The scaling behaviour of high-order structure functions
=〈(u(x+r)−u(x))p〉 is studied in a variety of laboratory turbulent flows. The statistical accuracy of the structure function benefits from novel instrumentation for its real-time measurement.
The nature of statistical errors is discussed extensively. It is argued that integration
times must increase for decreasing separations r. Based on the statistical properties of
probability density functions we derive a simple estimate of the required integration
time for moments of a given order. We further give a way for improving this accuracy
through careful extrapolation of probability density functions of velocity differences.
Structure functions are studied in two different kinematical situations. The (standard)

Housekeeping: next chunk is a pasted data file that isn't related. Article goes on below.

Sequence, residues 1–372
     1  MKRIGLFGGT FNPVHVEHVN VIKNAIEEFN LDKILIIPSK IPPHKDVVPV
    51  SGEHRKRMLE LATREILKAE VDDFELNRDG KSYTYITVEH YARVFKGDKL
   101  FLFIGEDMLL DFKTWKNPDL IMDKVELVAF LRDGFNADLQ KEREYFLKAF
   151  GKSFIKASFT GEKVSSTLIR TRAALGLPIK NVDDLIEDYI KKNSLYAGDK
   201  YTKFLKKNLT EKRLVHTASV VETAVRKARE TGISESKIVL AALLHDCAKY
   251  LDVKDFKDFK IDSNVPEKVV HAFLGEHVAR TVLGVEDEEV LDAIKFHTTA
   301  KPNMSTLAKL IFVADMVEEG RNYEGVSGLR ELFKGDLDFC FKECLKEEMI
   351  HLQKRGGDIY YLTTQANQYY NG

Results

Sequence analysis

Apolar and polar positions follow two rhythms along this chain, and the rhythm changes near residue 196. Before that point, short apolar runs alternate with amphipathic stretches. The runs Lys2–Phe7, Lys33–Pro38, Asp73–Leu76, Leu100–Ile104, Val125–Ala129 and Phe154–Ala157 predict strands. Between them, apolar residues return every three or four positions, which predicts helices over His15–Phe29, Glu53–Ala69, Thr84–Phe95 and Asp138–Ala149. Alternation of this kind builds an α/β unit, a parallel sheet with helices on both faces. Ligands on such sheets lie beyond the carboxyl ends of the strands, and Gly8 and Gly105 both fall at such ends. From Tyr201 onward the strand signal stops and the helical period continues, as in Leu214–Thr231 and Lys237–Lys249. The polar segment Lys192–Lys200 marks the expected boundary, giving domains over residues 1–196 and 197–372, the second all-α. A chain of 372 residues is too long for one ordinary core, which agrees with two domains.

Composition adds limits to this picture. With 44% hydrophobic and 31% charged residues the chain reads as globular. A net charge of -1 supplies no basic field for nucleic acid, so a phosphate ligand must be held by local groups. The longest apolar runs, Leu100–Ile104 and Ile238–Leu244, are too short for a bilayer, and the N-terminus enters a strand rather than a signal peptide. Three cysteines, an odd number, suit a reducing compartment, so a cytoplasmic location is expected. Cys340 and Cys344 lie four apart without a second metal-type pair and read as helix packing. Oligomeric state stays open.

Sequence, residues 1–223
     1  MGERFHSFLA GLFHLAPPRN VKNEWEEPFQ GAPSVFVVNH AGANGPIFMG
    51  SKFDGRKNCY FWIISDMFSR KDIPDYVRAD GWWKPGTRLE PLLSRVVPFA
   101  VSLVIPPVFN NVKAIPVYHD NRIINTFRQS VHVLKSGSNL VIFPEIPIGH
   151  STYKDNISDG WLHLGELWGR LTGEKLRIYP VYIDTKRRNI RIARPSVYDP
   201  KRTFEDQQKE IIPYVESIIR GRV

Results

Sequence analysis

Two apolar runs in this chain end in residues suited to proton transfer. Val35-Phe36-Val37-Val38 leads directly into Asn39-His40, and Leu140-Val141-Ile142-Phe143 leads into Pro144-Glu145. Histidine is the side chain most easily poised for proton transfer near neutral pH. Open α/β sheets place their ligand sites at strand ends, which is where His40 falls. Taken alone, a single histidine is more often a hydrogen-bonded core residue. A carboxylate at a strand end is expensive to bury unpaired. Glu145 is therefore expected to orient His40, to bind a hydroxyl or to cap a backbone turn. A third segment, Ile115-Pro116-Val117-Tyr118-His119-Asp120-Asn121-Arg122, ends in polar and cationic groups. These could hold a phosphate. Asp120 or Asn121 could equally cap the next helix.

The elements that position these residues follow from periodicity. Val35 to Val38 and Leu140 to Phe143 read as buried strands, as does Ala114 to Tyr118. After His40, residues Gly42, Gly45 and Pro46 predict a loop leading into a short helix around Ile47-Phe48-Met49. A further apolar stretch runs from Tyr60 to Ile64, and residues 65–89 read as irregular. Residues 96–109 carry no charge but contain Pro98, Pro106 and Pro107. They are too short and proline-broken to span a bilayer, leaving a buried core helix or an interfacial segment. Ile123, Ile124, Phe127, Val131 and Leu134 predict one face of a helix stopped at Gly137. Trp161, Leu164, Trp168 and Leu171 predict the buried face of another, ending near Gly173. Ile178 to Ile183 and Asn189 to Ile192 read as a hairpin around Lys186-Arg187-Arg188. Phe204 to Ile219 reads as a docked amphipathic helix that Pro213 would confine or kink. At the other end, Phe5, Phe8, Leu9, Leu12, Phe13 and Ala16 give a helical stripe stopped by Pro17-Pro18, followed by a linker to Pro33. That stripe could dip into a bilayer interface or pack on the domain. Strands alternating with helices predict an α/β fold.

longitudinal structure functions are measured using Taylor's hypothesis. In
the transverse case an array of probes is used and no recourse to Taylor's hypothesis
is needed. The measured scaling exponents deviate from Kolmogorov's (1941)
prediction, more strongly so for the transverse exponents.
The experimental results are discussed in the light of the multifractal model that
explains intermittency in a geometrical framework. We discuss a prediction of this
model for the form of the structure function at scales where viscosity becomes of